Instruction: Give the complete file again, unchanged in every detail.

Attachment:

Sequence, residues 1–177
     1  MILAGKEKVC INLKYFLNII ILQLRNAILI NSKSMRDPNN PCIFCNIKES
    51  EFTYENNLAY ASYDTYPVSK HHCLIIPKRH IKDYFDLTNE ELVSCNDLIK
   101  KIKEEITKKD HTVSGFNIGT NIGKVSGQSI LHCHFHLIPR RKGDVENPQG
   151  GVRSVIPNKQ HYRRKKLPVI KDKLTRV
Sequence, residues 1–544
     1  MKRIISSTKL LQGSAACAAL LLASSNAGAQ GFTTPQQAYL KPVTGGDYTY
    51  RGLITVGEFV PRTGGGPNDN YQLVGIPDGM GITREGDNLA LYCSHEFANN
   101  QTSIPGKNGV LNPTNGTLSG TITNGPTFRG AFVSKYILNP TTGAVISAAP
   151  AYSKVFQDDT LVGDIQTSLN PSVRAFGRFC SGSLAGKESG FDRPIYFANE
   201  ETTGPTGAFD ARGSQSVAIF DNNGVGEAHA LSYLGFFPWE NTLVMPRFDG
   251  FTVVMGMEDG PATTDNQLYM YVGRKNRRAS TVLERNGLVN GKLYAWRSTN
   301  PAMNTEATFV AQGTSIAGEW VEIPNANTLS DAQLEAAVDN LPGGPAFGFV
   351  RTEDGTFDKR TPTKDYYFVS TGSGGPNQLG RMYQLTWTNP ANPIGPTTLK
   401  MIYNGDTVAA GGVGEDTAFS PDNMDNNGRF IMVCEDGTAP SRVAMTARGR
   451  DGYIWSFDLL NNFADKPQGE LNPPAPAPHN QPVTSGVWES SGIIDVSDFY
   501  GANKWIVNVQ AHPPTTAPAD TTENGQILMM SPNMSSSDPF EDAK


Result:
Sequence, residues 1–177
     1  MILAGKEKVC INLKYFLNII ILQLRNAILI NSKSMRDPNN PCIFCNIKES
    51  EFTYENNLAY ASYDTYPVSK HHCLIIPKRH IKDYFDLTNE ELVSCNDLIK
   101  KIKEEITKKD HTVSGFNIGT NIGKVSGQSI LHCHFHLIPR RKGDVENPQG
   151  GVRSVIPNKQ HYRRKKLPVI KDKLTRV
Sequence, residues 1–544
     1  MKRIISSTKL LQGSAACAAL LLASSNAGAQ GFTTPQQAYL KPVTGGDYTY
    51  RGLITVGEFV PRTGGGPNDN YQLVGIPDGM GITREGDNLA LYCSHEFANN
   101  QTSIPGKNGV LNPTNGTLSG TITNGPTFRG AFVSKYILNP TTGAVISAAP
   151  AYSKVFQDDT LVGDIQTSLN PSVRAFGRFC SGSLAGKESG FDRPIYFANE
   201  ETTGPTGAFD ARGSQSVAIF DNNGVGEAHA LSYLGFFPWE NTLVMPRFDG
   251  FTVVMGMEDG PATTDNQLYM YVGRKNRRAS TVLERNGLVN GKLYAWRSTN
   301  PAMNTEATFV AQGTSIAGEW VEIPNANTLS DAQLEAAVDN LPGGPAFGFV
   351  RTEDGTFDKR TPTKDYYFVS TGSGGPNQLG RMYQLTWTNP ANPIGPTTLK
   401  MIYNGDTVAA GGVGEDTAFS PDNMDNNGRF IMVCEDGTAP SRVAMTARGR
   451  DGYIWSFDLL NNFADKPQGE LNPPAPAPHN QPVTSGVWES SGIIDVSDFY
   501  GANKWIVNVQ AHPPTTAPAD TTENGQILMM SPNMSSSDPF EDAK